- Mistake 1: Unrealistic Timeline
- Mistake 2: Web 1.0 Thinking
- Mistake 3: Self-Centeredness
- Mistake 4: No Recruitment Plan
- Mistake 5: Nothing Happening
- Mistake 6: Under-Managing the Site
- Mistake 7: Over-Managing the Site
- Mistake 8: Inadequate Technology
- Mistake 9: Making Things Too Difficult
- Mistake 10: Disorientation and Dead Ends
- Avoid These Mistakes
Mistake 6: Under-Managing the Site
An online community isn't like a static website; you can't just put it up and forget about it. Users will be interacting with it constantly, publishing content and communicating with each other. And they're not going to manage themselves. They'll have questions, need helpthey may even get into fights with each other or post pornography or other undesirable material that you'll need to remove. You need to be prepared to deal with all of these potential problems. Whatever the specific goals of your community project, you're unlikely to help your brand with a community full of spam and disgruntled members.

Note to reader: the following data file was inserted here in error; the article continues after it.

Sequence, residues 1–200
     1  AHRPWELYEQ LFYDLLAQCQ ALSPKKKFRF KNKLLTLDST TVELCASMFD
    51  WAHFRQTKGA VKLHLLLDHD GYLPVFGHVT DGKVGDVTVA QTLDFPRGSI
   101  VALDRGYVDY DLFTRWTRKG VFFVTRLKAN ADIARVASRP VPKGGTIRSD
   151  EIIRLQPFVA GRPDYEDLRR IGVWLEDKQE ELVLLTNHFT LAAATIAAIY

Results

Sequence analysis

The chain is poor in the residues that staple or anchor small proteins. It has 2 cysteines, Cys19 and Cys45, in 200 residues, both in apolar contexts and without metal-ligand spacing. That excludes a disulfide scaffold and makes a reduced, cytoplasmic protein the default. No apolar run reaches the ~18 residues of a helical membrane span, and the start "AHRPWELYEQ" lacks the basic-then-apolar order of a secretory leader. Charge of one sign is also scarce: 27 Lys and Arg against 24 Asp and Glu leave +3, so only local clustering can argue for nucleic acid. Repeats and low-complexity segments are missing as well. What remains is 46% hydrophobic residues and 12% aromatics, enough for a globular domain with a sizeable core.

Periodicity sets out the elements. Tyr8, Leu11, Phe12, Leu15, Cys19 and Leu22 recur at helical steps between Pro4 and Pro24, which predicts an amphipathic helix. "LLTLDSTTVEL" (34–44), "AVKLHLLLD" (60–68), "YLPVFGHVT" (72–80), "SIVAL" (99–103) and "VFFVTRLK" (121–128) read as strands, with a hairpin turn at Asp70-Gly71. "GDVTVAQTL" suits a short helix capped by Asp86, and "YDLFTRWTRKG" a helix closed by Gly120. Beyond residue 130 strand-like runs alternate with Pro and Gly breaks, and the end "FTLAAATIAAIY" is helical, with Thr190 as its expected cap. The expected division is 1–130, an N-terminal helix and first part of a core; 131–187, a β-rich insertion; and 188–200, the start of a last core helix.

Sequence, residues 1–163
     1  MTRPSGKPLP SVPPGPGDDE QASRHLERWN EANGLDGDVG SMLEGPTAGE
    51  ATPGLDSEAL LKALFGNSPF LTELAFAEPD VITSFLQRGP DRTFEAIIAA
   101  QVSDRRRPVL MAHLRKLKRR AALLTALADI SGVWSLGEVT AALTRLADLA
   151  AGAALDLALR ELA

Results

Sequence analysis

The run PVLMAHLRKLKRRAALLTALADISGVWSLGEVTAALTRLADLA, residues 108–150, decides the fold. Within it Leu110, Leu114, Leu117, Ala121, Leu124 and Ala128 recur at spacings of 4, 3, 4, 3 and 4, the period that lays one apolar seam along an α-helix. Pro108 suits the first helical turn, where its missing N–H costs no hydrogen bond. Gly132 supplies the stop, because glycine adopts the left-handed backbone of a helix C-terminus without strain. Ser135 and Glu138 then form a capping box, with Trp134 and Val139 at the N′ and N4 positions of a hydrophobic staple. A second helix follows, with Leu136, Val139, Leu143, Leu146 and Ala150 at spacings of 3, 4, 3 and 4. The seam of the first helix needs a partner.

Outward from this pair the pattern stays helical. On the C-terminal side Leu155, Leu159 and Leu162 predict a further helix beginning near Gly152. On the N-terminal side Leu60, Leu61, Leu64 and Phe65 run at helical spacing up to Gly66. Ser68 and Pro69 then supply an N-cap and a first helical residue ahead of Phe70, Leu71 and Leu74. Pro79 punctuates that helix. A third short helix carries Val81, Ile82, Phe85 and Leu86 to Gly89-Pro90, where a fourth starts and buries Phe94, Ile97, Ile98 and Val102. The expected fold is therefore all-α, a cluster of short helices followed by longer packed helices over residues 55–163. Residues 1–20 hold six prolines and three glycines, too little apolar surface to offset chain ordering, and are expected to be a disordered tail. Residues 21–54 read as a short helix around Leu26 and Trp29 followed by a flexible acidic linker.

At the outset of your project, take into account the need for a community manager. Depending on your community model, you could start with one part-time person and be prepared to grow. Your community manager will also need tools, including a way to access users' membership details, censor inappropriate content, and block user accounts when necessary.
Oh, by the way, if you're planning to launch a Bulgarian community, you'll need a community manager who speaks Bulgarian. This might seem obvious, but I actually know of companies that have forgotten this detail of having someone on board who speaks the members' language(s).
Companies often underestimate the importance of community management. But good community management protects your investment and your image.